I love to cook, and I especially enjoy cooking with my brick red, enamel-coated, cast-iron Dutch oven.  Several of my favorite recipes, like pot roast with porcini mushrooms and red wine, follow the same method:  first I brown the meat in a little oil and then remove it from the pan.  Next, I sauté onion or shallot, garlic, and veggies in a little more olive oil over medium-low heat, stirring occasionally. Sometimes I add a little flour if I am going to be making a sauce. 

            Right around the time that the pot starts to turn brown on the bottom, my husband (having smelled the aroma) usually walks in, looks in the pot, and says “Wow, that it is going to be really hard to clean.”  And then, like a magician, I make the brown bottom disappear.  I pour in a little liquid, either broth or wine, and using my wooden spoon, I scrape up the brown bits on the bottom.  This is my favorite part:  gently stirring up all that flavor.  I add a few spices - maybe some fresh herbs - and stir a little more.  With some recipes, I add a little butter at the very end, and stir, stir, stir.
            Have you ever considered how we get “stirred” up?   We have pet peeves.  Sometimes we say that someone is “pushing our buttons”, or we are aware that we are “getting triggered”.  Life events can also stir us up.  In my grief group, I was asked to choose a word from a “feelings” list that describes how I feel after losing my mother.  Among others, I chose “agitated”, thinking of my old washing machine with a center agitator.  The machine would aggressively rotate back and forth, tossing my clothes and splashing soap and water.  It seemed the perfect word to describe how I was feeling since my mom’s death had stirred up feelings of loss, sadness, anger, irritation, and even anxiety.

            And we are not the only ones getting stirred.  At times we are the ones that stir up, trigger and push other people’s buttons.  And unfortunately, this can be especially true of the people we are closest to and love the most, like our family members.
Here’s the scripture that stirred me up, in a good way:

And let us consider how we may stir up one another to love and good works.”   
Hebrews 10:24

            The cooking visual implies something else that is true:  the things getting stirred up are already there.  Desires, emotions, and memories.  Words and actions that brought joy or pain.  Stories I have believed that may or may not be true.  They are there, sometimes buried, and then powerful events like a death or a loss stir them up.  People stir them up by things they say or don’t say, things they do or don’t do.  Abrupt, back and forth movement that causes emotional sloshing and splashing.

A good man brings good things out of the good stored up in his heart…
For the mouth speaks what the heart is full of.  
Luke 6:45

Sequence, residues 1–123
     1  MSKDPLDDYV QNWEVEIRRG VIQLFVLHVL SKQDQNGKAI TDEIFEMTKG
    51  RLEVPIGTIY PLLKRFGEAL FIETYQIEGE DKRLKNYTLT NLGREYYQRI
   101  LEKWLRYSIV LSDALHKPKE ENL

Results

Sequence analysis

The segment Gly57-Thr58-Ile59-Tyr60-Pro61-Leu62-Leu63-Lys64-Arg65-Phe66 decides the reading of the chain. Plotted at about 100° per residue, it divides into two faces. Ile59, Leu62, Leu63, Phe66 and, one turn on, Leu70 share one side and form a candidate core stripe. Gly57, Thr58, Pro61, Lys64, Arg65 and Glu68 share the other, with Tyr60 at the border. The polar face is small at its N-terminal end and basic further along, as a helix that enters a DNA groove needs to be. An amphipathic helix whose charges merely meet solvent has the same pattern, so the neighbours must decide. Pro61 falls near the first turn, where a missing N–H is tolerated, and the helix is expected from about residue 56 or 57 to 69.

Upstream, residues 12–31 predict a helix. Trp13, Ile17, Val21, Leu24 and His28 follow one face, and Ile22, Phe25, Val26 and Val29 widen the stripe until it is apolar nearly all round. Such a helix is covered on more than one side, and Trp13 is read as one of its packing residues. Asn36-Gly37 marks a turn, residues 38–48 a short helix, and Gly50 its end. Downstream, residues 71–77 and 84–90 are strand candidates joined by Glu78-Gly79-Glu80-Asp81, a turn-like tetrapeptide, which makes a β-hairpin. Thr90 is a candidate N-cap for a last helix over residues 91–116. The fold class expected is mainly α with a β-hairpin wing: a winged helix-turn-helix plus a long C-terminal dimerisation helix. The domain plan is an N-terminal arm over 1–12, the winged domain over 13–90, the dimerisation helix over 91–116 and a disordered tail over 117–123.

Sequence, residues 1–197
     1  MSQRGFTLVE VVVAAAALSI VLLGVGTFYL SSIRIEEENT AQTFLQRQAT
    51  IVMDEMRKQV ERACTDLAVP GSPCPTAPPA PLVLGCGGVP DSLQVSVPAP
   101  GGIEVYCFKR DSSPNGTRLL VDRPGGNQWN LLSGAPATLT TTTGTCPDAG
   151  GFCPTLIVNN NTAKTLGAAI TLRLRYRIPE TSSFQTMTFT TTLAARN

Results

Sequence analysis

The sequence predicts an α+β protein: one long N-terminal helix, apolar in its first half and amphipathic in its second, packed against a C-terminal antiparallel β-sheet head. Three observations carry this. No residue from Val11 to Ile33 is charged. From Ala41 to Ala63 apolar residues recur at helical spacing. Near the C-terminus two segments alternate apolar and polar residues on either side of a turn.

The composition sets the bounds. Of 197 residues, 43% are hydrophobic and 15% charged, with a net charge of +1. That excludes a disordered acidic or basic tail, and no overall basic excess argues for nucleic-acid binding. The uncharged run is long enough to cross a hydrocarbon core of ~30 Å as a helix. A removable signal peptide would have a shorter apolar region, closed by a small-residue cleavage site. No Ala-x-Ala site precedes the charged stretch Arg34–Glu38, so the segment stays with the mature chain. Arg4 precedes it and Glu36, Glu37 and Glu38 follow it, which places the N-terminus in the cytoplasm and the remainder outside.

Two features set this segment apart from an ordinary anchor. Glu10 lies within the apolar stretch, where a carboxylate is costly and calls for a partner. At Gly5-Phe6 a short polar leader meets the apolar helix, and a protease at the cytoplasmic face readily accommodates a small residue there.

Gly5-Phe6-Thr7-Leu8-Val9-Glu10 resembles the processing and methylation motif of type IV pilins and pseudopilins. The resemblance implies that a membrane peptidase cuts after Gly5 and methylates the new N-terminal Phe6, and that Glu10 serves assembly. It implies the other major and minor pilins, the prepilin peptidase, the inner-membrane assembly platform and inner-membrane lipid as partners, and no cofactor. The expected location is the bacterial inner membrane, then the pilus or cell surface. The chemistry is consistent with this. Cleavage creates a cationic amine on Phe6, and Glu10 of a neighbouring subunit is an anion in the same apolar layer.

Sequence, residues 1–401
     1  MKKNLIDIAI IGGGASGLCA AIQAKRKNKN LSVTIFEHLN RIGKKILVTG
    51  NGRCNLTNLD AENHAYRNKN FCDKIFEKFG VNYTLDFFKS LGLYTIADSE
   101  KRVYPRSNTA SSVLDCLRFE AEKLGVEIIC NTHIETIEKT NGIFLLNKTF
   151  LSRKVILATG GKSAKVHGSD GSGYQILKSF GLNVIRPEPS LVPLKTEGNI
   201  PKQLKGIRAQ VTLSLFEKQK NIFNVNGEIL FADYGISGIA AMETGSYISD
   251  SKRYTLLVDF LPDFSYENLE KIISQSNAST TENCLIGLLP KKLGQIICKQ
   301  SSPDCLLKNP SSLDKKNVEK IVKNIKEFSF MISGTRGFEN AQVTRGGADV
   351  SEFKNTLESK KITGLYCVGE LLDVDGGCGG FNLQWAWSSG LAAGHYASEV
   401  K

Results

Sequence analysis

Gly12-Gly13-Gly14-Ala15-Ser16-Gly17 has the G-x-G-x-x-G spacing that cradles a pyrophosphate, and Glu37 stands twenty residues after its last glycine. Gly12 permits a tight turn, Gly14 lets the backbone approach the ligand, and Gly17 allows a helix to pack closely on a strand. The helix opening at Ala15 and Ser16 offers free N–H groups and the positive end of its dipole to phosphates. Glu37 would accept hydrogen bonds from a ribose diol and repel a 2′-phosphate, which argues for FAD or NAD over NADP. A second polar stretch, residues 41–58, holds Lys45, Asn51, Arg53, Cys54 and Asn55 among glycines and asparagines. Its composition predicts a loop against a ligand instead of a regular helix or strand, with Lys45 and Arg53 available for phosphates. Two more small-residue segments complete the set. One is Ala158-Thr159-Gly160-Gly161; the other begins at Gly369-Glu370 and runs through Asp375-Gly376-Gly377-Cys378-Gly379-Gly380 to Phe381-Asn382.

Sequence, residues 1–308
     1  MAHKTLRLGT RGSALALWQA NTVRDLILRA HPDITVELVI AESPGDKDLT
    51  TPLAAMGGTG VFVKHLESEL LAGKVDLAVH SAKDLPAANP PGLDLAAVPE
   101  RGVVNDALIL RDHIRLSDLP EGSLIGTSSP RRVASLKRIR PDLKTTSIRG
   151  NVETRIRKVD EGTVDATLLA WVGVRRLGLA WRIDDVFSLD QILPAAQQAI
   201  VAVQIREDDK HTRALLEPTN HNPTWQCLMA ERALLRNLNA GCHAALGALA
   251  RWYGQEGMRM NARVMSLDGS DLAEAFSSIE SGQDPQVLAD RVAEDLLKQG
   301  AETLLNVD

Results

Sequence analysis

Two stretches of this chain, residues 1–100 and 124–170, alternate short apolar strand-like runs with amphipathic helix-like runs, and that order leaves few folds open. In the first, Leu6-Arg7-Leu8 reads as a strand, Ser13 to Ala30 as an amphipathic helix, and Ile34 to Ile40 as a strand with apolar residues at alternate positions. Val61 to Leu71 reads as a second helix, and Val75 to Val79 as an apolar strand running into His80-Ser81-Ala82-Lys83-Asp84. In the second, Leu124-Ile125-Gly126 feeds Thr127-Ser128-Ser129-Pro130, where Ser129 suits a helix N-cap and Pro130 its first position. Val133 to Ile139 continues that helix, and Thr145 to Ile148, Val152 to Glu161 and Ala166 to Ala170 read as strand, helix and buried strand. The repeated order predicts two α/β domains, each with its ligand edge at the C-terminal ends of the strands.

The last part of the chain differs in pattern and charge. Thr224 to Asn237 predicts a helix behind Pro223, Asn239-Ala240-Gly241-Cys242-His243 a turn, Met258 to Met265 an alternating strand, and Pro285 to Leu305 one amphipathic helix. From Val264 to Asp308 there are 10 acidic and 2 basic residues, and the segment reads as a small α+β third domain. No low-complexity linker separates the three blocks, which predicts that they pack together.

This idea that I am to “stir up” others in a positive way, toward love and good works, challenges me.  In my relationships, I have the opportunity to stir up good things that are already in my children’s hearts, my husband’s heart, my friends’ and family members’ hearts.  By asking questions, listening well, and affirming the positive qualities I see in my loved ones, I can stir them up to love and to good works.

            I overhear my husband handling a difficult phone call while working from home, and I affirm him for his polite, professional tone with a difficult client.  He takes my encouragement to heart and continues to patiently work with each client to find workable solutions.

            As a family we serve the under-resourced, and my youngest daughter gets “stirred up” to do some chores, earn some money, and give to the poor.

            I listen as my teenage daughter shares about a difficult situation at school, and instead of immediately telling her my opinion, which is my natural tendency, I ask a few questions, “drawing out” her thoughts.  I ask her how she sees things, how she thinks she should handle it.  In doing so, I stir up what is already in her heart.  There may still be a place for me to share my opinion, but I want to start with patient, gentle stirring.  

 The purposes of a person's heart are deep waters, 
but one who has insight draws them out.  
Proverbs 20:5  

            I am a wooden spoon, and in my relationships I want to stir gently, patiently, over low heat. I’m going for a simmer, not a rolling boil.  I am not using a pressure cooker, an electric mixer, or a blender.  I am not vigorously whisking; I am stirring.  I want to add understanding and encouragement. Gentleness.  Patience.  Taking the time to develop the flavors and cultivate tenderness. 

Let us consider how we might stir up the people God has placed in our lives
 to love and good deeds.